Some of the biggest stories in rap this year haven’t been about what’s new, but rather about what’s old. Twenty years old, to be exact.
Each passing month brings more attention paid to works from 1994. Chief among the honorees has been Nas’s Illmatic, a debut whose 20th birthday has been celebrated with a two-disc reissue, accompanying tour, three-part Fuse special, and feature-length documentary. The two-decade anniversary of Outkast’s debut Southernplayalisticadillacmuzik brought about the long-awaited onstage reunion of members Big Boi and Andre 3000.
Elsewhere, Bone Thugs-N-Harmony has embarked upon a tour commemorating the 20th anniversary of their debut EP Creepin on ah Come Up, and Warren G announced plans for a follow up to his multi-platinum selling 1994 debut Regulate...G Funk Era. Mobb Deep’s new release The Infamous Mobb Deep confusingly shares a title with their breakthrough album and includes a second disc of outtakes from 1994 studio sessions. A few months late to the party, Onyx released their first album in a decade, Wakedafucup, with a title inspired by their debut Bacdafucup, and The Wu-Tang Clan has reported internal strife around their already-delayed album planned for the 20th anniversary of Enter the Wu-Tang (36 Chambers).
Certainly, 1994 was an important year for the genre. By then, hip-hop had established itself as a coast-to-coast juggernaut, with NWA, Ice-T, and Geto Boys proving that even the most controversial records could be made into chart-toppers. Major labels scrambled to sign young up-and-coming rappers from across the country; even historic imprints associated with other genres such as Motown Records sought the next great rap debut.
“All of a sudden in '94 people are rapping with no frills again, with less focus on a gimmicky delivery and more on content,” says J-Zone, the New York rapper, producer, and author of 2011’s Root for the Villain: Rap, Bullshit, and a Celebration of Failure. “Illmatic got the most regard because it was the first to break the trend of gangsta image-driven rap.”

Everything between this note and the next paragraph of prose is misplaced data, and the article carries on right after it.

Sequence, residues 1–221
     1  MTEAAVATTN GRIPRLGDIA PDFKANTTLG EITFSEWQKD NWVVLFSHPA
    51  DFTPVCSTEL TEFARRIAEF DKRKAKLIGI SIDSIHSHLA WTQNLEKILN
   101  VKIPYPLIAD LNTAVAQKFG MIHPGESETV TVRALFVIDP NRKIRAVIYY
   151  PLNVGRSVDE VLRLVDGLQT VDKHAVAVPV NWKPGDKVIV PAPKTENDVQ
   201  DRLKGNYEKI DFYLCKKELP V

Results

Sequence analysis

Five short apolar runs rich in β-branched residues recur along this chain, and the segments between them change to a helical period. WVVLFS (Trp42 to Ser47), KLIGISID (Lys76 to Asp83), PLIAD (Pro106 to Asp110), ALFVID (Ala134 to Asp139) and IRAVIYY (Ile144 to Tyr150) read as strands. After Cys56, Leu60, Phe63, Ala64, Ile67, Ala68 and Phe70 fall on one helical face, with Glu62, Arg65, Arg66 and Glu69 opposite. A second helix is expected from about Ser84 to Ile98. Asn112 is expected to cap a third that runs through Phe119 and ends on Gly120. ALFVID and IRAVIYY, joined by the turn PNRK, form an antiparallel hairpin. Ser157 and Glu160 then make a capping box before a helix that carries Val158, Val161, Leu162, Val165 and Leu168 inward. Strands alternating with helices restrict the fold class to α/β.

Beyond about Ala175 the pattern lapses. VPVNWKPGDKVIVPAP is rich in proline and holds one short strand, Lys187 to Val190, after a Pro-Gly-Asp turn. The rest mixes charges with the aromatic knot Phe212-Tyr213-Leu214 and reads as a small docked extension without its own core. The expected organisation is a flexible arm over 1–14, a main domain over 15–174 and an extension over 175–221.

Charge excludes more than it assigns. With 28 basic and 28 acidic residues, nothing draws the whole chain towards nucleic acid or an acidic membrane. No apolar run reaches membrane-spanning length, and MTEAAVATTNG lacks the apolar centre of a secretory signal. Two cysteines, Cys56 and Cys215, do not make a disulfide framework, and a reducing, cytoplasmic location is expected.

1994’s rookie class also included such still-revered acts as Gravediggaz, M.O.P., Coolio, Keith Murray, and the late Notorious B.I.G., and less-remembered ones like Jeru the Damaja, O.C., Big Mike, Casual, and Artifacts.
“A lot of these artists were just establishing themselves and sounded hungry as hell,” says D.C.-area rapper and producer yU, who performs with Diamond District and the 1978ers. “It’s the exact opposite of what you find nowadays with the relaxed, ‘I can do this in my sleep’ attitude that a lot of emcees have.”
But there’s something innately awkward about all the resurgent fanfare for these classic records. For each tour and retrospective, middle-aged musicians must assume the personae of their teens and early 20s, overlooking two decades worth of artistic output. Nas has been beckoned to recite Illmatic’s 10 tracks dozens of times this year at venues ranging from the Kennedy Center with the National Symphony Orchestra to the Preakness Stakes’ InfieldFest. If these performances have highlighted Illmatic’s timelessness, they’ve also reasserted the consensus that Nas has yet to surpass his debut. In selecting Coachella for their reunion, Outkast joined a bill mostly composed of electronica artists and a young audience in part predated by Southernplayalisticadillacmuzik. Of the new Mobb Deep record, Pitchfork’s Jayson Greene wrote, “the album is exactly the sort of hastily tossed-off, forgettable project that legacy acts will sometimes tack onto can't-miss releases.”
The focus on 1994 also highlights rap’s precarious position today. Hip-hop sales swelled corresponding with the pre-Napster boom at the turn of the century, but in the intervening years rap lost a significant market share. Forty-three of Billboard’s year-end Top 200 Albums were rap records in 2004, but in 2013 only 25 cracked the Top 200. Last fall the 10th annual Rock the Bells Tour, a hip-hop specific concert series that saw the reunions of ‘90s icons the Fugees and A Tribe Called Quest, was cancelled due to slow ticket sales. Upon the cancellation, planned performer Kid Cudi tweeted, “Hip hop shows aren’t exciting...People wanna smile and dance.”